The story of Emilia-Romagna is intrinsically linked to what was essentially a trunk road. Not particularly glamorous, granted, but the good news is that the road in question - the arrow straight Roman road the Via Aemilia - links several wonderful places, from Parma in the north west of the region to Rimini on the coast. Anyone embarking on a road trip from one end to the other can enjoy much that makes Italy great - fabulous food, fascinating cultural treasures, fast cars and fantastic scenery, and all this despite most people's inability to point to the place on a map. It might be a stretch to call this 'secret Italy', but Emilia-Romagna remains a seriously underrated region.

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Harriet, Kate L, Victoria and Lucy G are here to help give you the inside track.

Why we think you’ll love it

  • Just south of Ravenna is the River Rubicon, famed for the idiom 'crossing the Rubicon', meaning no turning back, after Julius Caesar sparked civil war by crossing the river. Cross the river yourself into the glorious ancient city of Ravenna and you'll never want to turn back either
  • Anyone keen on collecting countries can also pay a flying visit to San Marino and notch up another

Our guide to holidays in Emilia-Romagna

And so to Parma, home of the ham and the incomparable parmigiana cheese. You could argue these legendary foodstuffs themselves qualify for high art status but the city also caters for opera lovers at the intimate Teatro Regio, an opera house known for its discerning and hyper-critical regulars. Legend has it that even Pavarotti got a hard time whenever he sang there. To really appreciate Parma we can arrange a private visit to one of the stellar cheese makers, or highly sought after tickets to performances during the famous annual Verdi festival, every October.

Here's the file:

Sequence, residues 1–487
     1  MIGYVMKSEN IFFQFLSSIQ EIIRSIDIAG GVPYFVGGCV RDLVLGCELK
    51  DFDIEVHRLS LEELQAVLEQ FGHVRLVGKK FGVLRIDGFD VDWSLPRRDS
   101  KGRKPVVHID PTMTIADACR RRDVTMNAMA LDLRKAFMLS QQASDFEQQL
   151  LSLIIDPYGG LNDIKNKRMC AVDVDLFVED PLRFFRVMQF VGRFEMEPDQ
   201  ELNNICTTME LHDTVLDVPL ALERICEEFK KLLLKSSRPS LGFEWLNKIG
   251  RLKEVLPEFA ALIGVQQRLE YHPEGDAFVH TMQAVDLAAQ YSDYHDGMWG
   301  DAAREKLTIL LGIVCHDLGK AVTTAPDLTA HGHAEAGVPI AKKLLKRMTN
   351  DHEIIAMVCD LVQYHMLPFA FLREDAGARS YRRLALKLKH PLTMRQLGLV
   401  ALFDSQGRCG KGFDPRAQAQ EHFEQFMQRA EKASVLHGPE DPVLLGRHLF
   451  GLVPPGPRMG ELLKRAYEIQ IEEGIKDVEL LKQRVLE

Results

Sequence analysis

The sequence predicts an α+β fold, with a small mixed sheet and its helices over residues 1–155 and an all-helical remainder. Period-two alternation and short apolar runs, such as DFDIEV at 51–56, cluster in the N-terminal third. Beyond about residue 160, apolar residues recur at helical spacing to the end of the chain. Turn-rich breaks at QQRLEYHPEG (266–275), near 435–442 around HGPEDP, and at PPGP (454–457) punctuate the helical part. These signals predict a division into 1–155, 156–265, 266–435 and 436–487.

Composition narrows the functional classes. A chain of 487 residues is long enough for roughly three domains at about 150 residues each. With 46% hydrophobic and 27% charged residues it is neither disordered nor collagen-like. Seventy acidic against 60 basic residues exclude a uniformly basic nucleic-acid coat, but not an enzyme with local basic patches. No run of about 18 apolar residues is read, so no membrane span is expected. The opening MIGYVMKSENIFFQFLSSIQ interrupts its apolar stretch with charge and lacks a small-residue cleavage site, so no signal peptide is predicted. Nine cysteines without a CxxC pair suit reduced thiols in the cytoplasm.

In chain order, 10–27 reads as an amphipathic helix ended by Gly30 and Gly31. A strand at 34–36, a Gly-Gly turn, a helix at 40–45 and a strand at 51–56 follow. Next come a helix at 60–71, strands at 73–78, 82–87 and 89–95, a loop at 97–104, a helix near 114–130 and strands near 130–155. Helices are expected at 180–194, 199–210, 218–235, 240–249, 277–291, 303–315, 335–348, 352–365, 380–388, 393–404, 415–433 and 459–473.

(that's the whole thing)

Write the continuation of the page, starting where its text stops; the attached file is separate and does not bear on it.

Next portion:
Moving through the gears, if you've hired a car it may feel deeply inadequate when you visit 'Motor Valley', near Modena, home to the legendary Maranello race circuit and Ferrari. Ducati, Maserati and Lamborghini are all in close proximity, and this is basically where petrolheads come to die happy. Modena is also famous for the finest balsamic vinegar and tortellini, the navel-shaped pasta legendarily first created by a chef who fell for the goddess Venus and peeked through a keyhole to her bedroom but could only see her belly button.

Peeping Tommasos aside, you too will fall for our next stop, the regional capital Bologna. A nailed on Big Short Break in her own right, Bologna is home to the world's oldest university, pretty much the highest standard of living in Europe and a spaghetti recipe of some repute. The city skyline is punctuated by tall towers built over the centuries by wealthy Bolognese families (of which there have been many) and including one leaning tower that's taller than Pisa's, albeit a little less leany (technical term). There's more. Bologna has a fascinating Jewish history, some fabulous palaces and porticoes to explore, and plenty of traditional taverns, some several hundreds years old and many - for added ambience, as if any were needed - underground.

Now you're nearing the coast, so it's time for some R&R. Not rest and relaxation (although that's eminently possible on the region's vast beaches) but Rimini and Ravenna. Rimini is often sniffed at as a resort town for package tour Italians, and you'll certainly want to avoid August when the locals hit the beach and the decibel level goes through the roof. Go any other time from June to September, however, and you can enjoy some decent beach clubs (we know the best ones), the town's lovely Roman and Renaissance centre and superb nightlife, focused on some hacienda-style nightclubs in the hills around Rimini that wouldn't look out of place in Ibiza.

We've left arguably the best until last. The walled city of Ravenna, just along the coast, boasts eight UNESCO World Heritage sites, including perfectly preserved 5th and 6th century churches and several astonishingly intricate ancient mosaics. Best of all, Ravenna flies almost entirely under the radar so you may have the place to yourself.


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